Courtesy : Gulf Today
Dubai - Jan 22: TWO Indian job-seekers who were promised jobs in Iraq, bypassing the ban on working there, found themselves on sticky wicket till the Indian Embassy got them flown back to their home country as their manpower agent cheated them.
But facing the loan sharks back home, from whom they borrowed huge sums to pay off the agents who promised them the jobs, at least one of them now threatens to commit suicide, said Dr Shashikala, a Dubai-based social worker who helped the men in distress get back home after their nine-month Gulf ordeal.
The story of Dharma Reddy and Bongu Malliah, who like majority of the migrant Indian labourers are from Andhra Pradesh, came to light when they contacted the medical practitioner. They poured their grief on being cheated by the manpower agent who promised them well-paying jobs in Iraq.
Although India does not allow its citizens to work in Iraq due to the security situation there, unscrupulous agents trick the system and illiterate job-seekers by flying recruits to Gulf cities like Dubai before dispatching them to Iraq.
"I just received a letter from the wife of Dharma Reddy who feared her man would commit suicide to escape the money lenders chasing him," Dr Shashikala told The Gulf Today in Dubai on Monday.
The men in distress had said before leaving Dubai recently that repeated attempts to get the money back from Sai Reddy failed since he stopped answering their calls. Before emplaning for Hyderabad, they told this newspaper that they had paid around Rs140,000 (Dhs13,200) each to an agent named Ravi back in Hyderabad.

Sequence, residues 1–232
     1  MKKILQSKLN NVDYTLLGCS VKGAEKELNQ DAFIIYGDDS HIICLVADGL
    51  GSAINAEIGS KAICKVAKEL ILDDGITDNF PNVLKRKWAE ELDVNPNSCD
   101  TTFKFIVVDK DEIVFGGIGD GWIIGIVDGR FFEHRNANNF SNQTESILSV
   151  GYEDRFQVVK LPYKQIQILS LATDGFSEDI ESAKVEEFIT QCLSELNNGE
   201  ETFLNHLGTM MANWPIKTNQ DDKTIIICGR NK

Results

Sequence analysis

Having landed in Dubai on visit visas around nine months ago, Reddy and Malliah eked out a living by doing odd jobs for the first visa period as the agent, Sai Reddy, also from Andhra Pradesh, always kept them on the leash of promise. According to the workers, he sent them to Kish Islands before the visas expired, and promised to get them back to Dubai on fresh visas.
They survived six months in Kish Island doing odd jobs to earn subsistence wages. And just when they thought their efforts paid off when Sai Reddy sent them fresh visas, they were detained by immigration authorities at Dubai International airport who found the visas were fake.
Penniless, they contacted Dr Shashikala who in turn mobilised the tickets through Indian Embassy in Abu Dhabi.
Now back in India and in quest of their money, the workers told The Gulf Today from India, that their agent named only as Ravi claimed he was in the clear since the money had been handed over to Sai Reddy who operates from Dubai.
Since almost all Asian workers pay their manpower agents huge sums to land jobs in the Gulf, it is common for these people who come from poor families to sell whatever little valuables, land, or go to the local money lender.
But many of these workers either get cheated by the agent, or land with unscrupulous employers who hold back their wages in gross violation of the labour laws.
"Though I am trying to do something through good Samaritans to bail such poor people out of trouble, I don't know how many I can help," said Dr Sashikala who sought the assistance of philanthropists to carry out her work.